But there is a dark side: house concerts stand on shaky legal ground. Rob Bookman, the counsel for the New York Nightlife Association, said that in most communities homes are zoned as residential areas, and when a homeowner charges people to enter a residence, the homeowner is running a business. In addition, Bookman said, "there are strict standards of safety for places with live entertainment, and most residences don't meet those standards."
Many people who present house concerts remain unaware of local ordinances -- "I just put on my blinders," Gardner said -- and promoters and artists say they haven't heard of anyone who has had problems with the police, with lawsuits or even with complaining neighbors.
"In our community, I wouldn't think anything like that would come up," said Glen Duckett, a computer programmer who runs a house concert series called "Flowers in the Desert" in Brenham, Tex., an hour outside of Houston. "The fire marshal has been in my home for a concert. I look at it this way: we're not any different than a Tupperware party. Someone is coming in to present wares and make money, and someone holding the party gets a few free dishes. In my case, I always get a free CD." Though house concerts seem like a throwback to a time before the rise of the nightclub and concert hall in America, their rejuvenation is largely a result of technology.
The Internet has made it possible for those who run house concerts to promote the shows at no cost, keep in contact with one another and hunt down possible performers.
"We have about 90 places around the country that hold house concerts listed on our Web site, and we believe that it's very possible that there are three or four times that many going on around the nation," said Duckett, who runs the Web site www.houseconcerts.com.
There may be even more house concerts than Duckett imagines, thanks to a new twist on the idea developed by Kimberli Ransom, a 30-year-old singer-songwriter known by fellow musicians as the queen of house concerts. Instead of performing in the established circuit of living rooms, Ms. Ransom schedules her own tours by talking fans -- and their friends and relatives -- who have never organized a house concert into letting her play.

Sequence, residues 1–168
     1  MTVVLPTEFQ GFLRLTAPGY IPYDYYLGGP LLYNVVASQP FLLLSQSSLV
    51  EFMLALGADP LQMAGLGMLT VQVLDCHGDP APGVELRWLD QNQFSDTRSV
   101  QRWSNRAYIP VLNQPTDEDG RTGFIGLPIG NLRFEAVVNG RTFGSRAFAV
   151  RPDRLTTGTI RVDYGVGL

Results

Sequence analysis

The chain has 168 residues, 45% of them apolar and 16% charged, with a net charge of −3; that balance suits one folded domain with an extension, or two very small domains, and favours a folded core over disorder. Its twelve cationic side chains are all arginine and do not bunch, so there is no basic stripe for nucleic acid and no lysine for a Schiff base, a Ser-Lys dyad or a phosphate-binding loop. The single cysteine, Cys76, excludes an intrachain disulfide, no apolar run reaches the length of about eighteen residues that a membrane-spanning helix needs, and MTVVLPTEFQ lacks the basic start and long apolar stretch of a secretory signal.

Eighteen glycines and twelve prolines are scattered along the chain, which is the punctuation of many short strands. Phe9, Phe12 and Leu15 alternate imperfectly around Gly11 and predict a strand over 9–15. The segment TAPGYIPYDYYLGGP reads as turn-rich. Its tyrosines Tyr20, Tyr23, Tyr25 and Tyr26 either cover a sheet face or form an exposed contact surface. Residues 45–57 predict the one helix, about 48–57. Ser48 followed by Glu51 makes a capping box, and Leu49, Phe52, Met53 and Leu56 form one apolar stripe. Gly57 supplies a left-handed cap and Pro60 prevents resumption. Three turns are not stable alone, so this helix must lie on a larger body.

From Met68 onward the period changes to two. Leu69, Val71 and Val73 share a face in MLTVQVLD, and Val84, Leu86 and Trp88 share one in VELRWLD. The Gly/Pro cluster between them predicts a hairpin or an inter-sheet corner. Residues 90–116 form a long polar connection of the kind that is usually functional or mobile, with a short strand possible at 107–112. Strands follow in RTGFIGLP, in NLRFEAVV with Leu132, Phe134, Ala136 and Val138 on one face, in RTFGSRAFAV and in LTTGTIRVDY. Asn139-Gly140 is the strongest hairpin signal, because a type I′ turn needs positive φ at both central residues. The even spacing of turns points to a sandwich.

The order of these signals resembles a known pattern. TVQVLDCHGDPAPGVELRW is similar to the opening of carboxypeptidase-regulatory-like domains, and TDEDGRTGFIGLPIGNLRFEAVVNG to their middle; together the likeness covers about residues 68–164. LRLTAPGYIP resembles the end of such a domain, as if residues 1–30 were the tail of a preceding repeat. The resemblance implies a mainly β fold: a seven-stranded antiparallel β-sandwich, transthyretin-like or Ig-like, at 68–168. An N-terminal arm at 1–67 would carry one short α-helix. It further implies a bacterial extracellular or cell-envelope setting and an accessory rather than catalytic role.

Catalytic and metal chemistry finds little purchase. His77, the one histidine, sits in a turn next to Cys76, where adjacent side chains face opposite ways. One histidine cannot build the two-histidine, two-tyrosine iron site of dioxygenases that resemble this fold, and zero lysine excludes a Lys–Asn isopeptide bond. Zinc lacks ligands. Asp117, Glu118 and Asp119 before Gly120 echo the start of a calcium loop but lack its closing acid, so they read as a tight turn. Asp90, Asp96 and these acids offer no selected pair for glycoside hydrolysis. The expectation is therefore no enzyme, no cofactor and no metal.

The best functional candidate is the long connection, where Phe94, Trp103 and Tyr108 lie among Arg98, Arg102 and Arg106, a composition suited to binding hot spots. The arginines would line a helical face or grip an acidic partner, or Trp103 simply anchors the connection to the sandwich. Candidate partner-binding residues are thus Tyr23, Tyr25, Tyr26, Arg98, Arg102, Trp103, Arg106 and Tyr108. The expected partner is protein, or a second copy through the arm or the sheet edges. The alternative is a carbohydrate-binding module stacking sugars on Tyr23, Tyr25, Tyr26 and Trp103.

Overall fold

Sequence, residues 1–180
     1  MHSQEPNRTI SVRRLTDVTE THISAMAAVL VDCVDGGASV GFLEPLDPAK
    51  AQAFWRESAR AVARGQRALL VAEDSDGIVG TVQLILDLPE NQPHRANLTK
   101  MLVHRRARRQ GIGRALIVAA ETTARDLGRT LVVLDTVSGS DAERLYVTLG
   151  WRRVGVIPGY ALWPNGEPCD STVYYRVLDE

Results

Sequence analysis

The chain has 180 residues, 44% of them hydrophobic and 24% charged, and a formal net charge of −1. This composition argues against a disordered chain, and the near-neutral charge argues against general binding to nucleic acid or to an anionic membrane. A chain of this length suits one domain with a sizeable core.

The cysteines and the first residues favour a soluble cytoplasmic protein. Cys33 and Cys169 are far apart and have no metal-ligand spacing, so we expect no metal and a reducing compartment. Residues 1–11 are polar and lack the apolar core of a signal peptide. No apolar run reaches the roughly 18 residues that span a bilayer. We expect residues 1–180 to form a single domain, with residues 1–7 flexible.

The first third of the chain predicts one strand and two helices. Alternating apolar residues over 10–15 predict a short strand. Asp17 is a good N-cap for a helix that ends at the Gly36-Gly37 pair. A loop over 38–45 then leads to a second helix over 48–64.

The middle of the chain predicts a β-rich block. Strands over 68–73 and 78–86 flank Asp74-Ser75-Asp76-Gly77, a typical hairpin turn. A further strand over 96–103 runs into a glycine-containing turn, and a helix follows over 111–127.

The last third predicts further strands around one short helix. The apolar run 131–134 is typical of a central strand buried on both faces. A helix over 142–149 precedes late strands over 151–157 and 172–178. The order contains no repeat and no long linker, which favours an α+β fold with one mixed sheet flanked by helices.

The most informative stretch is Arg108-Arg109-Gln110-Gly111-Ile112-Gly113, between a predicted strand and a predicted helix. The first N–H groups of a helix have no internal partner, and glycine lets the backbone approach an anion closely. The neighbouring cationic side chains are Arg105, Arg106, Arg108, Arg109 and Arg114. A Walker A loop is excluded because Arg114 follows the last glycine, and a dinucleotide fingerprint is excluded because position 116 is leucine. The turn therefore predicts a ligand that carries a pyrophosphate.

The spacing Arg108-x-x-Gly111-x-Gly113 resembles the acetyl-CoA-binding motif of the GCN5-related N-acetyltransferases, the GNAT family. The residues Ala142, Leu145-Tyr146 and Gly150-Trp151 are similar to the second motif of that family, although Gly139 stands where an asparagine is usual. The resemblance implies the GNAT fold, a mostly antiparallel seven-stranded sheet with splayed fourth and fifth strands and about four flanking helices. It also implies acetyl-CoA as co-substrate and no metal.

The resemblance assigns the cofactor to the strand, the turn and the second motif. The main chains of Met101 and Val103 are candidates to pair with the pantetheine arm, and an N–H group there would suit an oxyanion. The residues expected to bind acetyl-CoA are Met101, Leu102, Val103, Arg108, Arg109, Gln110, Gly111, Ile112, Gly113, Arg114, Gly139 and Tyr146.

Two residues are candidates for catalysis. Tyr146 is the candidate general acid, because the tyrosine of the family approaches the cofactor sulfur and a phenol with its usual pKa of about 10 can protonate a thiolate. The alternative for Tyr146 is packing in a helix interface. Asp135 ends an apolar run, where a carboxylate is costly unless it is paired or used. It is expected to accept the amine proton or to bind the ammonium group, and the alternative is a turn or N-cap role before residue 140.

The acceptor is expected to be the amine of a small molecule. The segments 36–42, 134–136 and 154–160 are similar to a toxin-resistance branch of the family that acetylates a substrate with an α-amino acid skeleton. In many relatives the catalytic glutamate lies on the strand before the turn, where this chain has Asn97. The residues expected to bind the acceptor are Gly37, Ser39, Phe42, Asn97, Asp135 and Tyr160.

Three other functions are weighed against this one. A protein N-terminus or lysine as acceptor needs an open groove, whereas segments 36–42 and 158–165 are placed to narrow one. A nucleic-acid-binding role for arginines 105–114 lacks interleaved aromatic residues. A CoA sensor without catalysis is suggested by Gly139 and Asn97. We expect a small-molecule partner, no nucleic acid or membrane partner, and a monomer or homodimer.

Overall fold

During each tour Ms. Ransom asks fans, when they add themselves to her mailing list, to indicate whether they are interested in being a host for one of her folk-rock concerts. Then, before her next tour, she calls those who expressed interest, explains how a house concert works and sends them a packet of information. Through this technique she has performed 150 house concerts in the last year and a half. She has even picked up a sponsor, Jim Beam Bourbon, which fronted her $2,200 for tour expenses, and she has written what may be the first book on the phenomenon, "House Concerts: A Guide for Musicians and Hosts."
This word-of-mouth tour, as she calls it, germinated when she decided to release records on her own instead of through a small music label. "I wanted to go national," she said, "and I was willing to do what I had to give up my house and my day job and live on the road. So I thought, 'How would it be possible to do this without a record label?' And the answer was obvious: my fans. So I'm playing in the homes of my fans. And not just that, their friends. They'll see on my itinerary that I'm going through somewhere and send my CD to a friend or relative who lives there. And 99 percent of the people who host me want to do it again. I now have a schedule that takes me through July."
Besides being able to build a more loyal and far-flung fan base than is possible through club shows, house concert musicians like Ms. Ransom also enjoy being pampered by their hosts, who often feed them